NEW YORK, New York, February 17, 2015 (ENS) – Abundant evidence supports the role of olive oil in protecting against heart disease; now scientists have found that extra-virgin olive oil contains an ingredient that kills cancer cells without harming healthy cells.

The ingredient is oleocanthal, a compound that ruptures a part of the cancerous cell, releasing enzymes that cause cell death, two cancer biologists at New York City’s Hunter College and a Rutgers nutritional scientist have found.

olive oil

Olives and olive oil (Photo courtesy U.S. Dept. of Agriculture)

David Foster and Onica LeGendre of Hunter College, and Paul Breslin, professor of nutritional sciences in Rutgers’ School of Environmental and Biological Sciences, report that oleocanthal kills cancerous cells in the laboratory by rupturing vesicles that store the cell’s waste.

LeGendre, the first author, Foster, the senior author, and Breslin have published their findings in the journal “Molecular and Cellular Oncology.”

According to the World Health Organization’s World Cancer Report 2014, there were more than 14 million new cases of cancer in 2012 and more than eight million deaths.

Scientists knew that oleocanthal killed some cancer cells, but no one really understood how this occurred.

Breslin believed that oleocanthal might be targeting a key protein in cancer cells that triggers a programmed cell death, known as apoptosis, and worked with Foster and Legendre to test his hypothesis after meeting David Foster at a seminar he gave at Rutgers.

“We needed to determine if oleocanthal was targeting that protein and causing the cells to die,” Breslin said.

After applying oleocanthal to the cancer cells, Foster and LeGendre discovered that the cancer cells were dying very quickly – within 30 minutes to an hour.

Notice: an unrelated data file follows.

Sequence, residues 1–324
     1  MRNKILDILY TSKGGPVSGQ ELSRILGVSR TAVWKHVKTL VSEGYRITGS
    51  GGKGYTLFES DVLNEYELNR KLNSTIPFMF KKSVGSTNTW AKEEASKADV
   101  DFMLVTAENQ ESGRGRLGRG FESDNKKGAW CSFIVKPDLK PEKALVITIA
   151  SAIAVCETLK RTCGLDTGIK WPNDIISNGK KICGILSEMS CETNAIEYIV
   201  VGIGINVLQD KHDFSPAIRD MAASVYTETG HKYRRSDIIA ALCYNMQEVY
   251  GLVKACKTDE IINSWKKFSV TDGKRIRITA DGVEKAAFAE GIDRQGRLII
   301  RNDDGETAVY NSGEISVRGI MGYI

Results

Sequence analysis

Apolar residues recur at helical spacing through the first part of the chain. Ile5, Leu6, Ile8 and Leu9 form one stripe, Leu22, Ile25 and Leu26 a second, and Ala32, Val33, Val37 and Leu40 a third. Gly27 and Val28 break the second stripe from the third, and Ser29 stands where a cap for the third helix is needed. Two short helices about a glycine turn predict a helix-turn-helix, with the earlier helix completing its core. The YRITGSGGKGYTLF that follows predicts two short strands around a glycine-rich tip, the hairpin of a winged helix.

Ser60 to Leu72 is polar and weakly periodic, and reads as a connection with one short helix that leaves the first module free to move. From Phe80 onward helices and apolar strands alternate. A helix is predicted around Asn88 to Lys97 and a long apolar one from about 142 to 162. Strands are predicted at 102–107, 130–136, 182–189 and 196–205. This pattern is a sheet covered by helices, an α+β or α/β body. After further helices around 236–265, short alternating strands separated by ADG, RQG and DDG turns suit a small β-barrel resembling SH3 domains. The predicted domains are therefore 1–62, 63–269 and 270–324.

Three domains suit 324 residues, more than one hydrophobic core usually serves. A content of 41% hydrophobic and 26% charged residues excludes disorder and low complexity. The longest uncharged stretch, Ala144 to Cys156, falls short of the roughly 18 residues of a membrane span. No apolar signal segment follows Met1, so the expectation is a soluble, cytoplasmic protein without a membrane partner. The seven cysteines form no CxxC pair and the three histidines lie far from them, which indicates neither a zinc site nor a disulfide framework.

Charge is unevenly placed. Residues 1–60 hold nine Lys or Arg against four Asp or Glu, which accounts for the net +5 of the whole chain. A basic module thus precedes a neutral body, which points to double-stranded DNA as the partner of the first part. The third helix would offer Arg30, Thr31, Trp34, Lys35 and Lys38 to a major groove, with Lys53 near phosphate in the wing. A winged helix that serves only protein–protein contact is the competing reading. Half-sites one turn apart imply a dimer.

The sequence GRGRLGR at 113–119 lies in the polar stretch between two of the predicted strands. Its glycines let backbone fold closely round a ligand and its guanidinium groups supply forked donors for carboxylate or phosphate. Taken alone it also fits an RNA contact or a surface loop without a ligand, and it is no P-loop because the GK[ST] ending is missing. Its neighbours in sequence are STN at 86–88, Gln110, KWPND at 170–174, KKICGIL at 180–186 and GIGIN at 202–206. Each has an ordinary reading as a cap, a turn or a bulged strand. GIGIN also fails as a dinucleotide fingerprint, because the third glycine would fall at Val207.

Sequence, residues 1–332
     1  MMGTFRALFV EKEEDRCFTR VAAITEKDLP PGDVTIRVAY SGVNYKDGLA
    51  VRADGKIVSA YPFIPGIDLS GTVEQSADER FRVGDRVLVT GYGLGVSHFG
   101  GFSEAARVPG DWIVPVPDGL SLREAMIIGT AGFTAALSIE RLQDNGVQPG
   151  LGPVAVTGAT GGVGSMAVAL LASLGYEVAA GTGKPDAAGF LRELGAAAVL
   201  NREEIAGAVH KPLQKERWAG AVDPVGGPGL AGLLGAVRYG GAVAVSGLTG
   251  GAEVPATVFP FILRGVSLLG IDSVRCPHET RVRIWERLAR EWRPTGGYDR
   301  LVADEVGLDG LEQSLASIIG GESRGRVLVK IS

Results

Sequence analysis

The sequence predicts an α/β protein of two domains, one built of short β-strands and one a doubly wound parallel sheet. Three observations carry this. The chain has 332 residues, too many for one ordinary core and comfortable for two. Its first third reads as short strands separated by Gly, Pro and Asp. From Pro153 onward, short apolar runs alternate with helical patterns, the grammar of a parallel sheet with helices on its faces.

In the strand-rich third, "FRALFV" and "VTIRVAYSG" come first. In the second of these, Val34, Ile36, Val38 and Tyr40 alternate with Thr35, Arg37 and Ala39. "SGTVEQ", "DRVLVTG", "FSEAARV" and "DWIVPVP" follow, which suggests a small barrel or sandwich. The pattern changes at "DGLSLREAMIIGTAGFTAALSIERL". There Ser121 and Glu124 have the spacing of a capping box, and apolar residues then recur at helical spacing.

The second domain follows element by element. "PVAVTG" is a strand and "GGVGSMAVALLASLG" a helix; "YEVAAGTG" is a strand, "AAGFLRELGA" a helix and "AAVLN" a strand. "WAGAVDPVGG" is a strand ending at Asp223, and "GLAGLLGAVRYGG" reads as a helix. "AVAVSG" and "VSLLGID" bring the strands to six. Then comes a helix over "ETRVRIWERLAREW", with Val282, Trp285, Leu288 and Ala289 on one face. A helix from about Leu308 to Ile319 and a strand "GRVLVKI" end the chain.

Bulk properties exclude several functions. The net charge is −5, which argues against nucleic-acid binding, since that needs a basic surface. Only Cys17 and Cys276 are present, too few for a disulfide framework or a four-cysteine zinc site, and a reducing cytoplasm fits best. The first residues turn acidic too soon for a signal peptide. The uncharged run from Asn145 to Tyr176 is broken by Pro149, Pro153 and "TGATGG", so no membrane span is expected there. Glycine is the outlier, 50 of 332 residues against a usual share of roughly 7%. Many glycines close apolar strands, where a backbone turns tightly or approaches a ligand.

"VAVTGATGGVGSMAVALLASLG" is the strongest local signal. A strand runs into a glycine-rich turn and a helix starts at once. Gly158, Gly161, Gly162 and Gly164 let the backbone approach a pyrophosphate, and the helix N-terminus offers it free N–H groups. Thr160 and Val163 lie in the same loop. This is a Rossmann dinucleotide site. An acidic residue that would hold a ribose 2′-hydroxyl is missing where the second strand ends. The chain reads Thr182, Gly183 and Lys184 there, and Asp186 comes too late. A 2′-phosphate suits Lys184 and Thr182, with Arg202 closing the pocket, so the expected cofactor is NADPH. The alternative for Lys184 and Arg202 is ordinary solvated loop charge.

Since programmed cell death takes between 16 and 24 hours, the scientists realized that something else had to be causing the cancer cells to break down and die.

LeGendre, a chemist, provided the answer. The cancer cells were being killed by their own enzymes. The oleocanthal was puncturing the vesicles inside the cancer cells that store the cell’s waste – the cell’s “dumpster,” as Breslin called it, or “recycling center,” as Foster refers to it.

These vesicles, known as lysosomes are larger in cancer cells than in healthy cells, and they contain a lot of waste.

“Once you open one of those things, all hell breaks loose,” Breslin said.

But oleocanthal did not harm healthy cells, the researchers found. It merely stopped their life cycles temporarily, “put them to sleep,” Breslin said. After a day, the healthy cells resumed their cycles.

The researchers say the logical next step is to go beyond laboratory conditions and show that oleocanthal can kill cancer cells and shrink tumors in living animals.

“We also need to understand why it is that cancerous cells are more sensitive to oleocanthal than non-cancerous cells,” Foster said.

A record of research showing the benefits of olive oil consumption to lower cancer risk.

In 2006, Karen Collins, MS, RD, CDN, with the American Institute for Cancer Research, wrote, “Research now shows that many of olive oil’s health benefits may actually come from the more than 30 plant compounds it contains. These compounds’ antioxidant and anti-inflammatory effects promote heart health and protect against cancer.”

“Olive oil compounds also increase enzymes that block activation of carcinogens and improve their removal from the body. These compounds appear to slow development of cancer cells and increase their self-destruction,” Collins wrote.

“While many of these benefits have been seen in laboratory studies rather than controlled human intervention trials, they are supported by what we see in population studies of the Mediterranean diet,” she wrote.

In the Mediterranean contries, consumption of olives or olive oil has long been considered important for preserving a healthy and relatively disease-free population. And the incidence of cancer overall in Mediterranean countries is lower than in Scandinavian countries, the UK and the United States.

Epidemiologic data show that the Mediterranean diet has significant protective effects against cancer as well as coronary heart disease.

According to a Turkish study published in the “European Journal of Clinical Nutrition” in 2003, high consumption of extra-virgin olive oils, which are particularly rich in phenolic antioxidants, as well as squalene and oleic acid, “should afford considerable protection against colon, breast and skin cancers, coronary heart disease and ageing by inhibiting oxidative stress.”